Live at the Met, the Metropolitan Opera’s award-winning series of live, high definition (HD) opera transmissions to theaters around the world, kicks off its 2017-18 season at the 1891 Fredonia Opera House on Sat., Oct. 7, at 1 p.m., with a new staging of Vincenzo Bellini’s masterpiece Norma.
The opera stars Sondra Radvanovsky in the title role of the Druid priestess and Joyce DiDonato as her rival, Adalgisa – a casting coup for fans of bel canto opera.
Radvanovsky sang the role to acclaim at the Met in 2013, as well as at the Canadian Opera Company, San Francisco Opera, Bavarian State Opera, Gran Teatre de Liceu, and Lyric Opera of Chicago, making her one of the world’s leading interpreters of the iconic title character.
Tenor Joseph Calleja is Pollione, Norma’s unfaithful lover; and Carl Rizzo conducts. Sir David McVicar’s evocative production sets the action deep in a Druid forest where nature and ancient ritual rule.
Norma is an extraordinary fusion of sublime melody, vocal challenge, and dramatic power. It examines an ageless and archetypal situation: a powerful woman compromises her ideals for love, only to find herself betrayed by her lover. But equally gripping is her relationship with the younger woman who is the new object of her former lover’s attention and in whom Norma sees both a rival and a second self. The title role demands dramatic vocal power combined with the agility and technique of a coloratura singer. It is a daunting challenge that few can rise to – those who have are part of operatic lore.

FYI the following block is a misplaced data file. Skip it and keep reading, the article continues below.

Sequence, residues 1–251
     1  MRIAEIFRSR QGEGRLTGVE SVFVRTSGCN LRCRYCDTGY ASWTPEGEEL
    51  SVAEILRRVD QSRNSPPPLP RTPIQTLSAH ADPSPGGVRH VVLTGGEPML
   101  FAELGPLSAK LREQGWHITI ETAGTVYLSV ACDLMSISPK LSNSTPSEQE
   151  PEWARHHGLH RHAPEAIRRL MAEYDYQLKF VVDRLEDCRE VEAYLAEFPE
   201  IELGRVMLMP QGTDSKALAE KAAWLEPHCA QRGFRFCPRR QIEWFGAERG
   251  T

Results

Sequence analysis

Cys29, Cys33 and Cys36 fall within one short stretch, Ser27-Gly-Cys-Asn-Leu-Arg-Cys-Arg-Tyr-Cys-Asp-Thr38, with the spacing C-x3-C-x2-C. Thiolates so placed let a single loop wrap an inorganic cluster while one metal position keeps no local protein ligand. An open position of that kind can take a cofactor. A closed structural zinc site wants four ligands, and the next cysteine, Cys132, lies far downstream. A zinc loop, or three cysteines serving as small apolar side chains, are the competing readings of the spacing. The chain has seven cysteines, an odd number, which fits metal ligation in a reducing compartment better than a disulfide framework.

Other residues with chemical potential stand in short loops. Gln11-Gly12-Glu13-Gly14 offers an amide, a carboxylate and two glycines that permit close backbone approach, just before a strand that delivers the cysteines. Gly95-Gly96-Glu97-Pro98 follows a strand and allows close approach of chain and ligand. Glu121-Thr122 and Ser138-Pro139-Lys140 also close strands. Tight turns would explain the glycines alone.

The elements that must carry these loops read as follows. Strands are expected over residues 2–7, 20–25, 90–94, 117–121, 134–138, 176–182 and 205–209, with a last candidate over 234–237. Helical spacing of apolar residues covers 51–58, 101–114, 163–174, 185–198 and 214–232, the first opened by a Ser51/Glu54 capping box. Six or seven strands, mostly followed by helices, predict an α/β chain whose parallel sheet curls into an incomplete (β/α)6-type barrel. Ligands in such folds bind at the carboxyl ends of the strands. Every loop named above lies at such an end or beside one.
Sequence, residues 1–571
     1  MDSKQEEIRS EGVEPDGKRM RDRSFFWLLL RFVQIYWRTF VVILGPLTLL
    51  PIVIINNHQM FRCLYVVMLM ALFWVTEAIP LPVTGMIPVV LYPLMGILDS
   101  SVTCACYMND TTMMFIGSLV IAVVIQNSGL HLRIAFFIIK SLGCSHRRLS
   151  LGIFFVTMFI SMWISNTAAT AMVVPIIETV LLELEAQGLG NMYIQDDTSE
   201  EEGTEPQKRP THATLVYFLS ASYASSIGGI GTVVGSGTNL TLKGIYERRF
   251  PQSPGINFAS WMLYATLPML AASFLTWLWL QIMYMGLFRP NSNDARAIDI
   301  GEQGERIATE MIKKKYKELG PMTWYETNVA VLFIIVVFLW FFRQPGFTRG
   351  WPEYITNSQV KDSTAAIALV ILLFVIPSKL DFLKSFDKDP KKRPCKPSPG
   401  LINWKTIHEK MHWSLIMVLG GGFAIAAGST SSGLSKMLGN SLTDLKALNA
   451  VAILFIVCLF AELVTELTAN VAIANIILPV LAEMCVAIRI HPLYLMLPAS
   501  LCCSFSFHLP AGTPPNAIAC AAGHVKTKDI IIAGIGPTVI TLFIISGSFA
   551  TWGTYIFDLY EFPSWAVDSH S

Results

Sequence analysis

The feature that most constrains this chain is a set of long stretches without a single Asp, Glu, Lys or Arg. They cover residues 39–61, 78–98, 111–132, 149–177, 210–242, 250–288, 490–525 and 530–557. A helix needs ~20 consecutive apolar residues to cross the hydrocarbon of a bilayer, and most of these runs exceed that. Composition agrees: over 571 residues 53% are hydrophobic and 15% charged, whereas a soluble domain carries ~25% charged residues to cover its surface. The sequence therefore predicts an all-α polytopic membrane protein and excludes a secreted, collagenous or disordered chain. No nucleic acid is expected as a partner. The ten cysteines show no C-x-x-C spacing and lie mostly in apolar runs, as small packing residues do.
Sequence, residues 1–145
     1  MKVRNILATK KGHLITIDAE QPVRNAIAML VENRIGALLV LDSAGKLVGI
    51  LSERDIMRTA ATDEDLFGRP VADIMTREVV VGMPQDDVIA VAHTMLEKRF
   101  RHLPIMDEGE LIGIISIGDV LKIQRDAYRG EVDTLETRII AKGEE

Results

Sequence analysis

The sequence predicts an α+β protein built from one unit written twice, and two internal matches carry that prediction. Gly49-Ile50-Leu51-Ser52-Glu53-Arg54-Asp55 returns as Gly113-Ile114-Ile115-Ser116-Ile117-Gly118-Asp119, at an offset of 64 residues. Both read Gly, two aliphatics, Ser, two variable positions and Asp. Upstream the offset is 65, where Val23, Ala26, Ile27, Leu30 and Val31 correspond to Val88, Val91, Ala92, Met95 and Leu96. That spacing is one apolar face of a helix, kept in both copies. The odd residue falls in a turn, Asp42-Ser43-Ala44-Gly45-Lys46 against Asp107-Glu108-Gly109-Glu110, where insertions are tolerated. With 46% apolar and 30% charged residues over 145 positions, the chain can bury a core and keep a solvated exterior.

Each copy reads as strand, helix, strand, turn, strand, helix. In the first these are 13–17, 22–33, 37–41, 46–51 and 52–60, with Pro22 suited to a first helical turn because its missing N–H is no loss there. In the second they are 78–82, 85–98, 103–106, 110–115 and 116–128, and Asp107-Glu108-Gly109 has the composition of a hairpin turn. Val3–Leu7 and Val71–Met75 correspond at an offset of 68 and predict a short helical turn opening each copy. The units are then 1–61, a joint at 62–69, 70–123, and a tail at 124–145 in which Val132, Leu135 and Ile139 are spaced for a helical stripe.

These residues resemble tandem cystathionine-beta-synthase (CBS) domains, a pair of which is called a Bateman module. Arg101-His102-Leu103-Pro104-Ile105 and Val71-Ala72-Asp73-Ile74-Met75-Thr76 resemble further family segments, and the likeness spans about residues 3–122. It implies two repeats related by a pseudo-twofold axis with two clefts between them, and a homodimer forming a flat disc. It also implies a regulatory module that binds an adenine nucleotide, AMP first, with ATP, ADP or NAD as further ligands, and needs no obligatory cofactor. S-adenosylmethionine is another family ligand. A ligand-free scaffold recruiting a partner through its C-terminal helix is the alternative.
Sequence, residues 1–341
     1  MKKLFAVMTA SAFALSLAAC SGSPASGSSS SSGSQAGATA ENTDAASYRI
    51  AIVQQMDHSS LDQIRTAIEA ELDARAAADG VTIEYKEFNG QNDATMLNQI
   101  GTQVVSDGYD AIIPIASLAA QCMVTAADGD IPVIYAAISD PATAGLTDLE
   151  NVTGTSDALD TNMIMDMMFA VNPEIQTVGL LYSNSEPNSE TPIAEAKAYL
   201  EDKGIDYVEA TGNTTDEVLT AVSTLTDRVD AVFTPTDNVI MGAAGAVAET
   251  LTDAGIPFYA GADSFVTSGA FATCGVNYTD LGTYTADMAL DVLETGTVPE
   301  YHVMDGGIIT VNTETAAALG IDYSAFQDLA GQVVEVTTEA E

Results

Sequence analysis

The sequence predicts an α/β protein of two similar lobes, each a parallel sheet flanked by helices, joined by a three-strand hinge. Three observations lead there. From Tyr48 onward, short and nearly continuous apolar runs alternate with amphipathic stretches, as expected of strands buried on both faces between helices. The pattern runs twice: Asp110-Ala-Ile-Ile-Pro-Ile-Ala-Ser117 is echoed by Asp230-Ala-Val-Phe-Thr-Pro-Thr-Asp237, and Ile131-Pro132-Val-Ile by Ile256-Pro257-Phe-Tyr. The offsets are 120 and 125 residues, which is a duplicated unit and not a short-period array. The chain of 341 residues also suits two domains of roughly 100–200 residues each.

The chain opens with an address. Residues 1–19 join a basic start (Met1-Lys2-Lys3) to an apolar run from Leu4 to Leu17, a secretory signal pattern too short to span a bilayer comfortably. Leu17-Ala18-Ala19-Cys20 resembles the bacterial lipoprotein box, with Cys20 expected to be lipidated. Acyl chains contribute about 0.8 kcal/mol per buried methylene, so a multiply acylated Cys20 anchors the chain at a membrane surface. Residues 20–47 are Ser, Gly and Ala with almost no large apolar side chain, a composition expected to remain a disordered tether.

The production has a run time of three hours, 20 minutes, with one intermission.
Live at the Met telecasts are now shown in more than 2,000 theaters in 70 countries, making the Met the only arts institution with an ongoing global art series of this scale. The Met was the first arts company to experiment with this type of broadcast, beginning on a modest scale in 2006 and growing every season since then, with more than 10 million tickets sold to date.
Met Opera stars serve as hosts for the series, conducting live interviews with cast members, crew and production teams, and introducing the popular behind-the-scenes features; altogether, the worldwide audience is given an unprecedented look at what goes into the staging of an opera at one of the world’s great houses.
Individual tickets to each of the operas in the season are $20, ($18 Opera House members, $10 students). A flexible subscription of eight tickets which can be used however you want – one at a time to eight different operas, all at once for eight people, or anything in between – is available for $142. Tickets may be purchased in person at the Opera House Box Office or by phone at 716-679-1891, Tuesday-Friday, 1-5 p.m. Tickets may be purchased online anytime at www.fredopera.org.
The Opera House is equipped with assistive listening headsets for the hearing-impaired. Simply request one from any usher or Opera House staff member. Headset funding provided by Robert & Marilyn Maytum, the John Ben Snow Memorial Trust, the Dunkirk-Fredonia Lions Club, and by a grant from Theatre Development Fund’s TAP Plus program in partnership with the New York State Council on the Arts.
The 1891 Fredonia Opera House is a member-supported not-for-profit organization located in Village Hall in downtown Fredonia. For a complete schedule of events, visit www.fredopera.org.